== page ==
The dictionary definition of evaluation is ‘a judgement about the amount, number or value of something.’

At Happy Museum we value the wellbeing of people place and planet – first and foremost. Which sounds like a no brainer.  But we live in global system where our collective driver of value, our primary measurement of societal progress, is GDP. Put simply, GDP is a measurement of the value of goods and services circulating in our economy and though useful, it has crucial flaws.

It is predicated on a need for continual growth so requires ever increasing consumption, depletion of resources and huge amounts of waste.

It can’t differentiate between spending on good things (education) and terrible things (money spent on recovery from accidents or disasters).

It doesn’t measure the economic services that nature provides, such as supplies of water or fresh air, or those that don’t come with a market price, such as raising children.

As President Robert Kennedy said about GDP back in 1968 ‘…it measures everything, …  except that which makes life worthwhile.’ 

Meanwhile, growth as primary measure of societal progress, spills over into measurement of value in the cultural sector.

This July, ALVA published its delayed visitor statistics for 2019, showing a leap in footfall of just under 6%. These were greeted wholly positively by the press and sector as a glimpse of normality, tempered by the knowledge that things were going to look very different in 2020.   The dominance of the growth narrative is accompanied by pressure for increased commercial income from shops, cafes and hires, block buster exhibitions, international tourism and new capital build.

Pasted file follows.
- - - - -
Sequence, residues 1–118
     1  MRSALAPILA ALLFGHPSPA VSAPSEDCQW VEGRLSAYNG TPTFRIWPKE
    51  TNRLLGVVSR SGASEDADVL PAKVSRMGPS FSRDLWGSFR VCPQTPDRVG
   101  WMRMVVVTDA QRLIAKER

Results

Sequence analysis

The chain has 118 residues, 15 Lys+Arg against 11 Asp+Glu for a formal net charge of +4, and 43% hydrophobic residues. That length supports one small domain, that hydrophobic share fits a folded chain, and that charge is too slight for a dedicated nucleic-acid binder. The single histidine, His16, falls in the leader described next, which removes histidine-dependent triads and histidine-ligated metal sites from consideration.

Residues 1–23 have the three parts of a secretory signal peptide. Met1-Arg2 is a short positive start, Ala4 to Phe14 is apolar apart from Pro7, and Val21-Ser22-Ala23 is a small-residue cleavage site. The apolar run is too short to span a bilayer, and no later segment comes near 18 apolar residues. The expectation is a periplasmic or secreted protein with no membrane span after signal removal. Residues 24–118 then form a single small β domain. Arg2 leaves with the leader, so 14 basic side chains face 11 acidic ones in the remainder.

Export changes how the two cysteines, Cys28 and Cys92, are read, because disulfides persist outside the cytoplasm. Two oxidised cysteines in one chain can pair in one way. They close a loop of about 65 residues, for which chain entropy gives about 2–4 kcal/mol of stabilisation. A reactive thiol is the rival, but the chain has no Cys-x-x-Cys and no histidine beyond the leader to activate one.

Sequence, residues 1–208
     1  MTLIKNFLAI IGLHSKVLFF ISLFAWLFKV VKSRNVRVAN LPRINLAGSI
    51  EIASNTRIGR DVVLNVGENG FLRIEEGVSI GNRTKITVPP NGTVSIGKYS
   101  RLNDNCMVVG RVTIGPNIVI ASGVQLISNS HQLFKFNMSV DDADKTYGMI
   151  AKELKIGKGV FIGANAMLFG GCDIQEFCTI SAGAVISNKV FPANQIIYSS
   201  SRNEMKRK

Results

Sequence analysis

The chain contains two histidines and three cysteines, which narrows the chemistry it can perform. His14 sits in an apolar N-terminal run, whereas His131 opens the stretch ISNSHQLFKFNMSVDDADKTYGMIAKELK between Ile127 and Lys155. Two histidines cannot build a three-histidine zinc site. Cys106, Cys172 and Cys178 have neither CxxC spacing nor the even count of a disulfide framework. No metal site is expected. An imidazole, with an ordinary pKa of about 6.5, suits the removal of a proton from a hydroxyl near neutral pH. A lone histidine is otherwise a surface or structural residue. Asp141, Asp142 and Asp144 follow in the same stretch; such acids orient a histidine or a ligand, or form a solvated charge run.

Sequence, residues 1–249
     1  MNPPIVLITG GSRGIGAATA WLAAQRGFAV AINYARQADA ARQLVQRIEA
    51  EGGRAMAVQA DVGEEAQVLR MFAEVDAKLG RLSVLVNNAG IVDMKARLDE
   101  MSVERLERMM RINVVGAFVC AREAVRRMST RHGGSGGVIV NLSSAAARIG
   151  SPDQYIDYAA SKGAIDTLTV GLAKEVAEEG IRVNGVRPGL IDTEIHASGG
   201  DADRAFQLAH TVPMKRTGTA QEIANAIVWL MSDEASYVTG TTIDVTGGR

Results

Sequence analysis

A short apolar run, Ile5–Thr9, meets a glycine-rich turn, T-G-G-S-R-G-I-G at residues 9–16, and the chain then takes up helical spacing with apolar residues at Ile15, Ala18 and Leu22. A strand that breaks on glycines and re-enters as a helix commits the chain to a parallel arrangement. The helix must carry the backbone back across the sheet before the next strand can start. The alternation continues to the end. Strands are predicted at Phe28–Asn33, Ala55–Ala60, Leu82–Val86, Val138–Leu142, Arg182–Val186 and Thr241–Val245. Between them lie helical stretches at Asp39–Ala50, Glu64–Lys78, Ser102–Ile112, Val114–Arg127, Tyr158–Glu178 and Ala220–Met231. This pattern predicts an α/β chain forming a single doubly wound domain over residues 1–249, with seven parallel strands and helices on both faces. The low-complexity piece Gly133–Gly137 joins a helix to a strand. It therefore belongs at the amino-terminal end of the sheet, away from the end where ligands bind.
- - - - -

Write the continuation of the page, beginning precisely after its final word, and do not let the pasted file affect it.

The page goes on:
But merely counting visitor numbers tells us nothing of the quality of their experiences.  Since 2011 Happy Museum has worked with the principle ‘measure what matters’ linking our evaluation directly to what we value, to the wellbeing of people, place and planet and developing tools and resources in response. 

As our Founder Tony Butler outlines in this piece – Living with Limits 

‘The limitations of our economic model have this year been laid bare by the Coronavirus. It is taste of what could be further imposed on humanity via a climate emergency. Yet limits could help us frame a new future for our cultural organisations to help us live more fairly together and in concert with the natural world.

Happy Museum works with the wider frame of our interlinked environmental and social crises which are in turn symptoms of a global system in crisis driven by a focus on growth as its predominant economic and social goal.  Kate Raworth in Doughnut Economics acknowledges

‘We have economies that need to grow, whether or not they make us thrive, and what we need, especially in the richest countries, are economies that make us thrive whether or not they grow.’

We would like to offer the cultural sector a challenge to prevailing measures of value and, connecting with alternative models such as Doughnut Economics, Thriving Places and the Wellbeing of Future of Generations Act in Wales , open up a fuller consideration, and measurement, of the contribution and impact that cultural institutions might make to their wider localities.

As Donella Meadows outlines in her seminal work on systems theory – the two most effective levers of change are the goal and the paradigm.  

So in addition to questioning growth as a societal goal, we wish to explore what role might there be for our sector – not only in rethinking and restating our own value – but in supporting a cultural shift, a shift in paradigm, from a system predicated on growth to one predicated on a thriving planet both now and for the future?

This investigation will form part of our No Going Back conversation series and Peer Learning Programme. For more news of this and other events from Happy Museum do sign up for our newsletter at the link above.

This piece is adapted from a provocation by our Director, Hilary Jennings, at a Centre For Cultural Value session Why do we evaluate our work and who do we do it for?

Photo by Zephan Ayoob on Unsplash